Chaser puts the icing on the cake when she assigns objects to different categories based on their physical properties; some are “toys,” others are “Frisbees” and, of course, there are “balls.” Chaser takes her cue from Alex, Irene Pepperberg’s African Grey Parrot, who also learned categories like color, shape and material, and differentiated which trait was the same or different.
This all seems quite extraordinary, but nothing comes free of controversy. Do dogs like Chaser and Sofia use and understand language the same way humans do, or are they merely welltrained? For example, some researchers are not certain that dogs actually “fast map”; dogs might be doing something that simply looks like “fast mapping” from the outside. Regardless, it does seem as though these dogs have a conception of objects and actions. Patricia McConnell, PhD, Certified Applied Animal Behaviorist and beloved Bark columnist, agrees. “Understanding requires that we share the same reference — that we have the same construct of an object or an action. For some dogs, it seems like they do.” Pilley concurs. “When an object, such as a toy, is held before Chaser and a verbal label is given to that object, Chaser understands that the verbal label refers to that object.”
In her book Inside of a Dog, Alexandra Horowitz reminds us that even if these are the only dogs in the world capable of using words this way, it allows us to see that a “dog’s cognitive equipment is good enough to understand language in the right context.” This body of research indicates what is possible, not necessarily what most dogs do every day.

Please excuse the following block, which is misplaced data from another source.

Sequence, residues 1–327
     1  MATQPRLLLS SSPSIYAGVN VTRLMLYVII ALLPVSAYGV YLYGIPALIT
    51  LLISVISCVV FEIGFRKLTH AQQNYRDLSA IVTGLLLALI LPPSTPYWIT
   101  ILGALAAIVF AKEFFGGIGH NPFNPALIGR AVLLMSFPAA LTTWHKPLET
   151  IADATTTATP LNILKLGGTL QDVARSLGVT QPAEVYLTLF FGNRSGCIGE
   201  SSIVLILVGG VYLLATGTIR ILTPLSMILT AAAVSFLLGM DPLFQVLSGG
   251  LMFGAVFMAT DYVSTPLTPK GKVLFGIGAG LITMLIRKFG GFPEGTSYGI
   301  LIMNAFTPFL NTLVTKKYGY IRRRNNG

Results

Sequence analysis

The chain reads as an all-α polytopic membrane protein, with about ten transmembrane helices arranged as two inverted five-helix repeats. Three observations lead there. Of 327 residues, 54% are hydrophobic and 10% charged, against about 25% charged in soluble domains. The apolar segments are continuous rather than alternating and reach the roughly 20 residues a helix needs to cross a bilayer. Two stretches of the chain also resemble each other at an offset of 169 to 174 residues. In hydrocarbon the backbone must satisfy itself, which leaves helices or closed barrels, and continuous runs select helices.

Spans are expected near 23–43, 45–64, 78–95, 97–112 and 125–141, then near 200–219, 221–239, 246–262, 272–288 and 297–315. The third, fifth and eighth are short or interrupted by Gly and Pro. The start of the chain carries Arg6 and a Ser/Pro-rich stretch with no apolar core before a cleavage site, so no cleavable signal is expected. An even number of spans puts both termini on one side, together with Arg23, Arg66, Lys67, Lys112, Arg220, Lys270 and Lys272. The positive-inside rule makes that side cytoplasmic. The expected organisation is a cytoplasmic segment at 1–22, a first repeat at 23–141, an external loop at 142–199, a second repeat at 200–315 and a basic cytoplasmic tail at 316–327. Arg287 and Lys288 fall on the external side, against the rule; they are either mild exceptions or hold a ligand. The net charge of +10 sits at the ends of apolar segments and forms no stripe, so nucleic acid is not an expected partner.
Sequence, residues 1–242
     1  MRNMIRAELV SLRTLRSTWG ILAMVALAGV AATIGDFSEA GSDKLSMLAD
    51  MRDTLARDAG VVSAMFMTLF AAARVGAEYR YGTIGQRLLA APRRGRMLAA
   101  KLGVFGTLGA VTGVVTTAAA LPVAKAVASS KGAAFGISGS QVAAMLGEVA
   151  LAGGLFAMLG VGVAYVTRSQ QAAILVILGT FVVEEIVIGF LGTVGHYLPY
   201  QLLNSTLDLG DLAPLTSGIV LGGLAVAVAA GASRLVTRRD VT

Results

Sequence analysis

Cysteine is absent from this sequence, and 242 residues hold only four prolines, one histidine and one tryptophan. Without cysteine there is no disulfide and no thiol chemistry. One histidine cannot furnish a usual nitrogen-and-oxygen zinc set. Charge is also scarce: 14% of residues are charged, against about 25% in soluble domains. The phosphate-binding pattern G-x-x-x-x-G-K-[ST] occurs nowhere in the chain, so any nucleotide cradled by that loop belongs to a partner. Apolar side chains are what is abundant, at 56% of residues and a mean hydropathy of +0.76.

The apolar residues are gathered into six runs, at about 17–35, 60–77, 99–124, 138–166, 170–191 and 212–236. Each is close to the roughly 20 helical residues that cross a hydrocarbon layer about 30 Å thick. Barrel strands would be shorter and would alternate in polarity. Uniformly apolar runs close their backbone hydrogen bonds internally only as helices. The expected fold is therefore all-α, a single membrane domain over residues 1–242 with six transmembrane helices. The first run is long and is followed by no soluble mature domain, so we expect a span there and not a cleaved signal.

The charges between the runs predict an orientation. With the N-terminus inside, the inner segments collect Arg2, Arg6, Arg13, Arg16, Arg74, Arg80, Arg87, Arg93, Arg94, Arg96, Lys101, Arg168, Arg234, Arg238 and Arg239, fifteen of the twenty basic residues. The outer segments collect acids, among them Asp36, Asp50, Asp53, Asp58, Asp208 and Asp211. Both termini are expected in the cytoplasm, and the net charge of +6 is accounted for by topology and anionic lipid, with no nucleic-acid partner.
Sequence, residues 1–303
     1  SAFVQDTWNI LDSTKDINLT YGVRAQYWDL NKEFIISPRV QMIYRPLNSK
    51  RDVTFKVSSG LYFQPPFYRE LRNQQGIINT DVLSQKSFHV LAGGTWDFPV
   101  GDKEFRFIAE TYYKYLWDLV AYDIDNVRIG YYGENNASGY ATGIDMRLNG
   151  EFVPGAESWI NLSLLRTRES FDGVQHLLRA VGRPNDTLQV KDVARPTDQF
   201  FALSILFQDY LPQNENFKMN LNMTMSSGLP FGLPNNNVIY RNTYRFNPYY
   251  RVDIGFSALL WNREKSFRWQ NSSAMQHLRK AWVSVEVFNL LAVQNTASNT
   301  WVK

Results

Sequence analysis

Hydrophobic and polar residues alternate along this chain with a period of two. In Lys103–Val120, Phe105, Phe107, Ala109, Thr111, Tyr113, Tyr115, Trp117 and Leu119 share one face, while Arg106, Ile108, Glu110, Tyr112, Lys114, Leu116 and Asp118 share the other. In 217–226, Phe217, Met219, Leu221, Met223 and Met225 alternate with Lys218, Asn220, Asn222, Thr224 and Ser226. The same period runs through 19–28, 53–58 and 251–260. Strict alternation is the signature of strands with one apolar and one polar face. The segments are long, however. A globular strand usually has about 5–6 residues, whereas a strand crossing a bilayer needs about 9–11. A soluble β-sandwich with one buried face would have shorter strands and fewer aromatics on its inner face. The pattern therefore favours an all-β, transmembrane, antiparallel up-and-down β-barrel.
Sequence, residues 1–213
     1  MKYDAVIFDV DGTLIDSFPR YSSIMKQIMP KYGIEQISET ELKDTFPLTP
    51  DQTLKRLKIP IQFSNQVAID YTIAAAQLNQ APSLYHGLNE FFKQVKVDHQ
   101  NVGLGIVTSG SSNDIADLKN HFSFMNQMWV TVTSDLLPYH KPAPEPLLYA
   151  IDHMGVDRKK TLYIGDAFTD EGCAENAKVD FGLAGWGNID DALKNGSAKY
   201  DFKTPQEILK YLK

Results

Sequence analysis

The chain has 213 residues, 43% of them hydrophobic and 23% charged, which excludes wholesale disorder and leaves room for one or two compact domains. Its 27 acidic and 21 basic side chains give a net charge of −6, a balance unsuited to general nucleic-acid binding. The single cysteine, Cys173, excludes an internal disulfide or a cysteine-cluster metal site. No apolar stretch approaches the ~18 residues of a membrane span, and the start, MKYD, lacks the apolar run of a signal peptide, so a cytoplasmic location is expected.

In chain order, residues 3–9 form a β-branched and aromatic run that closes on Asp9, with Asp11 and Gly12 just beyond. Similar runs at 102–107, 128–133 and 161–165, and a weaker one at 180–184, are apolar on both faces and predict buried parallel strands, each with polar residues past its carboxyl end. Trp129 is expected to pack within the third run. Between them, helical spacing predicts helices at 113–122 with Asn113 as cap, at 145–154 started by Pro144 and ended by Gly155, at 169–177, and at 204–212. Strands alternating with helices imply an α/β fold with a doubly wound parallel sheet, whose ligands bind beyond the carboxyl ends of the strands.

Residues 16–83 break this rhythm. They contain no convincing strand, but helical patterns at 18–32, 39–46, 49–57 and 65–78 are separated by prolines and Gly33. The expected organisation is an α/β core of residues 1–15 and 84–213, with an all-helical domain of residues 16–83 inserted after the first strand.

Who Are You Living With?
Whether you have a Chaser or a Rico in your home might largely depend on you. As Fischer explains, “A dog’s use of human language depends very much on the willingness of the owner to establish a verbal relationship, to establish links between words and particular meanings.” Fischer is referring to motivation in both the human and the dog. Ramos and her colleagues trained and tested Sofia two to three times a day, three to six times a week. When Pilley, who doubles as researcher and Chaser’s owner, began training Chaser to identify objects at five months of age, Pilley repeated object names 20 to 40 times each session to make sure she got it.
Like Rocky Balboa preparing for his climactic showdown, these dogs are highly motivated. Fischer notes, “Rico was eager and hard working. You’d have to tell him, ‘That’s enough. Get something to drink. Take a rest.’” Chaser is similar, says Pilley. “She has two states—highly, highly active and recuperating and resting.”
Denise Fenzi, a professional dog trainer from Woodside, Calif., who specializes in a variety of dog sports, reminds us that this type of motivation is not necessarily the norm. “Not all dogs share this attention to words. Even in my dogs [all of whom are the same breed], there is a huge difference in ability to verbally process. I didn’t train them differently. It’s just easier for one to quickly get words.”
The way dogs learn words might be the biggest piece of the puzzle. McConnell finds, “Word learning might depend upon how words are first introduced. The guardians who explicitly differentiate words, teaching, ‘Get your Greenie! Get your ball,’ often have the dogs with big vocabularies. On the other hand, my own dog Willie was given verbal cues for years that stood for actions rather than objects. When I tried to teach him that words could refer to objects he was completely confused.”
What dogs are able to do with language could also be explained by their tutelage. If dogs don’t learn to attach a variety of different actions to a variety of objects, it might be harder for them in the long run to be flexible with human language. Susanne Grassmann, a developmental psychologist and psycholinguist at the University of Groningen in the Netherlands explains, “Chaser was trained to do different things with different objects, and she differentiates between what is the object label and what is the action command, meaning what to do with that object.”